The most important point to be considered when medicating children is the dosage. Always keep the following in mind:
- A child is not a small adult. So their dosage cannot be calculated directly. Dosages of medicines vary widely in children, and are based more on their weight than their age.
- Never self medicate your child. If you think that the existing dose is not bringing adequate effect, DO NOT increase the dose on your own. Chances are that something else is wrong or he needs another medicine.
- Do not try to coax your child into taking medicine saying it is a sweet treat or chocolate. In your absence, the child may remember what you said and consume dangerous amounts.
- Do not treat medicines lightly, by keeping it in the open, or hiding it when your child is watching. The kid will be inquisitive enough to find it out and try to consume it when you are not around.
- Follow strict instructions for doses. A teaspoon is different from a tablespoon. A teaspoon is the small spoon used for salt, etc. A tablespoon is much larger, close to a soup spoon in size. A slightest difference in doses (2-3 ml) can bring about significant adverse effects in children below 3 years of age.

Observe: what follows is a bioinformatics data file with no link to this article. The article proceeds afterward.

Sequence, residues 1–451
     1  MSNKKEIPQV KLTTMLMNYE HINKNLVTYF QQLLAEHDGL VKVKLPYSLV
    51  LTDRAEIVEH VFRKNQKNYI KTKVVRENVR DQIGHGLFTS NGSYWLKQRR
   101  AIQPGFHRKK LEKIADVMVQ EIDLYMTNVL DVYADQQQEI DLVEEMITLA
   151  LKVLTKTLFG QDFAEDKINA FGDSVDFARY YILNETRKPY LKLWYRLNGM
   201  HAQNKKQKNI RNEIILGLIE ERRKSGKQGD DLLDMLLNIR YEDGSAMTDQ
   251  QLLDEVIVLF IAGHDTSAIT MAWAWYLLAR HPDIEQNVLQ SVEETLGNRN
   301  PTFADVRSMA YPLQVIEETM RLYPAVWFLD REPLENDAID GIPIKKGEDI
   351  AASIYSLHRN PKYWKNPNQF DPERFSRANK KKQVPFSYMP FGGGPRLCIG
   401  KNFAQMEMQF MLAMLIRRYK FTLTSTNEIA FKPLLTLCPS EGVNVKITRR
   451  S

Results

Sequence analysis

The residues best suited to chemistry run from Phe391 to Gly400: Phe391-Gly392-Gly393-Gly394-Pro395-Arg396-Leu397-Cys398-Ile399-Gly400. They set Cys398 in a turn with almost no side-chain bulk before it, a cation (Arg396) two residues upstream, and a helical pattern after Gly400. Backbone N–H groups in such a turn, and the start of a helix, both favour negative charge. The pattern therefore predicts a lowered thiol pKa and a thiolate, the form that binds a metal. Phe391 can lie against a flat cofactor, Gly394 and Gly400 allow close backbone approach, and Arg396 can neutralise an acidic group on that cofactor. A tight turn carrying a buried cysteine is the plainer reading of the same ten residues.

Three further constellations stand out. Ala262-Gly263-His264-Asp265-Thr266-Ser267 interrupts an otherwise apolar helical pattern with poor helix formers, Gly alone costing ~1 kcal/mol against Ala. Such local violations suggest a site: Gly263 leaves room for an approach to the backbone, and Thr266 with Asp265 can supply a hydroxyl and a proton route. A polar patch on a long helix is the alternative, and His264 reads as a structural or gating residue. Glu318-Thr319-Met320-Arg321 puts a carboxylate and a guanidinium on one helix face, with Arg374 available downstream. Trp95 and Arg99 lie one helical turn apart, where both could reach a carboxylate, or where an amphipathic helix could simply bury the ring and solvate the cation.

- Keep your medicines also away from the kid. He might be inquisitive to know what you are eating, and if it is better than his, which is a dangerous experiment.
Taking medications when Pregnant/ Breastfeeding
- Remember that all drugs will cross the placenta to pass through to the baby, so as a matter of precaution it is important that NO MEDICATION IS CONSUMED WITHOUT CONFIRMING WITH YOUR DOCTOR.
- In general, try to take minimal medication during pregnancy, especially for minor ailments. The temporary discomfort will not be as serious as the possible effects on the baby in case of drug reactions.
- In any problem, be sure to consult your doctor before you take even any OTC drug, as unexpected side effects may occur even with these.
- When you are breastfeeding your child, remember that the medicines can pass through breast milk too, so do not take any medications by yourself. If you already have, then observe the baby closely for any possible side effects like rashes, and breathing problems after having breastfed him. Report to the doctor immediately.
Some common interactions are-
- Dextromethorphan commonly found in cough syrups reacts with MAOI- a type of antidepressant, to produce side effects.
- Painkillers are capable of causing gastrointestinal bleeding in old age. Do not consume painkillers for more than 2 times a day, continuously for 3-4 days without consulting your doctor.
- A lot of medications are likely to interact with blood pressure medicines, and anti-diabetic drugs specially in old age. So it is important to tell your doctor if are taking any such medications.